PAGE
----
This action was trial to the Court without a jury. Plaintiff seeks to recover money damages for defendants' negligence. The testimony is to the effect that defendants owned certain premises whereon they operated a store to which plaintiff, at the time of the accident, was making her way as an intended customer; that near the inward side of the sidewalk defendants had placed a 16 inch wire fencing to keep persons from making a short cut across the lawn or garden plot to the store entrance; that it was near dusk and that there were street lights, flood lights at the upper front corner of the building, a light in the entrance and neon lights in the windows and fluorescent lights in the store.
Defendant and a disinterested witness were attracted to the plaintiff; that both men saw plaintiff down and came out of the store and helped her to her feet; that it was not dark at the time; that the fence was in place along the sidewalk; that plaintiff stated to the two men that she fell because she was 'clumsy' and did not then claim to have been injured by the fall. Defendants further testified that the fence had been maintained at that place for years prior to the accident and that no accident had occurred, nor had there been any complaint respecting the fence.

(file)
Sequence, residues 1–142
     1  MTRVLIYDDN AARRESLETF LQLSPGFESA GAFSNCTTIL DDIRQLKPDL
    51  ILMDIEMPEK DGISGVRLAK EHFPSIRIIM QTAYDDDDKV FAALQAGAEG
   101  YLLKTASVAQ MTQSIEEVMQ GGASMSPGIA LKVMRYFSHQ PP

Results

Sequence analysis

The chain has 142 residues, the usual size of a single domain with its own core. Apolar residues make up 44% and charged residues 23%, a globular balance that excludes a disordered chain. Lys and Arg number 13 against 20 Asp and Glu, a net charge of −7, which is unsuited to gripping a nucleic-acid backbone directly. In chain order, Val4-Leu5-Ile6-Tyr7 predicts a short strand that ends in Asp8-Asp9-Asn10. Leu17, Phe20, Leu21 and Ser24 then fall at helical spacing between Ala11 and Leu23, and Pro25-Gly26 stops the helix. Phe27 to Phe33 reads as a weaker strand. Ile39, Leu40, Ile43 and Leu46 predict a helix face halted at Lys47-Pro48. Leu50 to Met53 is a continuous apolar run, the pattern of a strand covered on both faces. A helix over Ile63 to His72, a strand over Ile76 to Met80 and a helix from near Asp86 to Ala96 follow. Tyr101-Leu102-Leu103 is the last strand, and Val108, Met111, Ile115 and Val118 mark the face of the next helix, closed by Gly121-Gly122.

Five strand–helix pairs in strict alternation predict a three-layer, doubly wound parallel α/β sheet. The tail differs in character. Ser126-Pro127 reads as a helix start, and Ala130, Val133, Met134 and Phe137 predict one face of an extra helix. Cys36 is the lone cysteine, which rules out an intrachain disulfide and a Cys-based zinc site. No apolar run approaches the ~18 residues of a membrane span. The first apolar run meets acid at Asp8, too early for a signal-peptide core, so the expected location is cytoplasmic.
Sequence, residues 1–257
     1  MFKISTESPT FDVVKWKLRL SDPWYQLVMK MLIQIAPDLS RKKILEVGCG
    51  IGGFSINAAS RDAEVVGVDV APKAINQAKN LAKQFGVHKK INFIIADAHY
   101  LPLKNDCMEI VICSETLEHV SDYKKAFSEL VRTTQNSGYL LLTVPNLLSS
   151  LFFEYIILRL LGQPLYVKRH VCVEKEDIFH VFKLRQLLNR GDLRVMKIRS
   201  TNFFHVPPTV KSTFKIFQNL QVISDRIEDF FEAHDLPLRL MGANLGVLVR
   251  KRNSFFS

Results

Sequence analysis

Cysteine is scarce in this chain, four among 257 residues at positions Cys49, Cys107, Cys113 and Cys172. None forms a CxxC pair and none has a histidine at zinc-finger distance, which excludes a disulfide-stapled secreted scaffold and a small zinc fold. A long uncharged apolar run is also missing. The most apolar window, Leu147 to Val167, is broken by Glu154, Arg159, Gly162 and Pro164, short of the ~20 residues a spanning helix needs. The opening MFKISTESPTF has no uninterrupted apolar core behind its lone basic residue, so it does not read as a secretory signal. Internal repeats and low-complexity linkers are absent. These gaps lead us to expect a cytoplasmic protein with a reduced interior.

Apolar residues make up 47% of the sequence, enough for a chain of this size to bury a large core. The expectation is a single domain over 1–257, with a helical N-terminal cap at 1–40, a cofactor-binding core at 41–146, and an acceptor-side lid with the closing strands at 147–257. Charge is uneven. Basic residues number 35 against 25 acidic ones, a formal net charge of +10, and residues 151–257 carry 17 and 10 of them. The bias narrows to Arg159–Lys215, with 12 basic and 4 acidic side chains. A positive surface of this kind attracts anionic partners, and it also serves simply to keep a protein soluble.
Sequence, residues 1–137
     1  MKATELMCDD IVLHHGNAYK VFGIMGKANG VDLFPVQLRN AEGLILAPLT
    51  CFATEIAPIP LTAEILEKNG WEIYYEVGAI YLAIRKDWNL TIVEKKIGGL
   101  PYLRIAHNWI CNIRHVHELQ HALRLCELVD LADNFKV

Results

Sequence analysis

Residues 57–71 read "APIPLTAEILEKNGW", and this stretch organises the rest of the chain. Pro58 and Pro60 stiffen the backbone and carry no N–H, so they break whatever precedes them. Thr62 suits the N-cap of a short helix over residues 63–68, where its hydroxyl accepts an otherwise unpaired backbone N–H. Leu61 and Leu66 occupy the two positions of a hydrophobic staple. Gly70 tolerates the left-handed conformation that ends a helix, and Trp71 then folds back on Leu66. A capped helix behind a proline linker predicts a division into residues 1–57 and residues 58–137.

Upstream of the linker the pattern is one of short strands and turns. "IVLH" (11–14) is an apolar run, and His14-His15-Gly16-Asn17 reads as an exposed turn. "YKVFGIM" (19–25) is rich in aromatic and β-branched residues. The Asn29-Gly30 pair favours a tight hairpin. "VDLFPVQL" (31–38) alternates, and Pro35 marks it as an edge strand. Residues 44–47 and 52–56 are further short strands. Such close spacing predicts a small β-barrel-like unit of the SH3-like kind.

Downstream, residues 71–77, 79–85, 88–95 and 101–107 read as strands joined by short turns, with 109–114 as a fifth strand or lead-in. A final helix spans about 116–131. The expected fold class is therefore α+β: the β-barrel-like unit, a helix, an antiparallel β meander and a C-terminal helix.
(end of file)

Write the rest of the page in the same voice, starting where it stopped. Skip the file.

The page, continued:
In view of the testimony relative to whether the fence was standing in place or that there was a loop of wire from the fence lying on the sidewalk, the preponderance of the evidence is that the fence was in place and was not lying on the sidewalk. The testimony of the plaintiff is not supported but stands alone, while the defendant Fred Franke and the disinterested witness, King, have testified that no part of the fence was lying on the sidewalk. In such a dispute of fact, when all of the witnesses are equally positive and equally credible, and one story is as plausible as the other, the party presenting two witnesses must prevail over the party presenting but one, Mumpton v. The Dale, D.C., 46 F. 670; Erie R. Co. v. Fritsch, 3 Cir., 72 F. 766, certiorari denied 293 U.S. 620, 55 S. Ct. 213, 79 L. Ed. 708; Rodi v. Dean, 7 Cir., 138 F.2d 309; Norguet v. Paramount Worsted Mills, C.C., 177 F. 970, which is another manner of expressing the more familiar rule that the number of witnesses does not control, rather the weight of the evidence must prevail, United States v. Mancini, D.C., 29 F.Supp. 44; Lilienthal's Tobacco v. United States, 97 U.S. 237, 24 L. Ed. 901; Northern Nav. Co. v. Minnesota Atlantic Transit Co., 8 Cir., 49 F.2d 203, 207.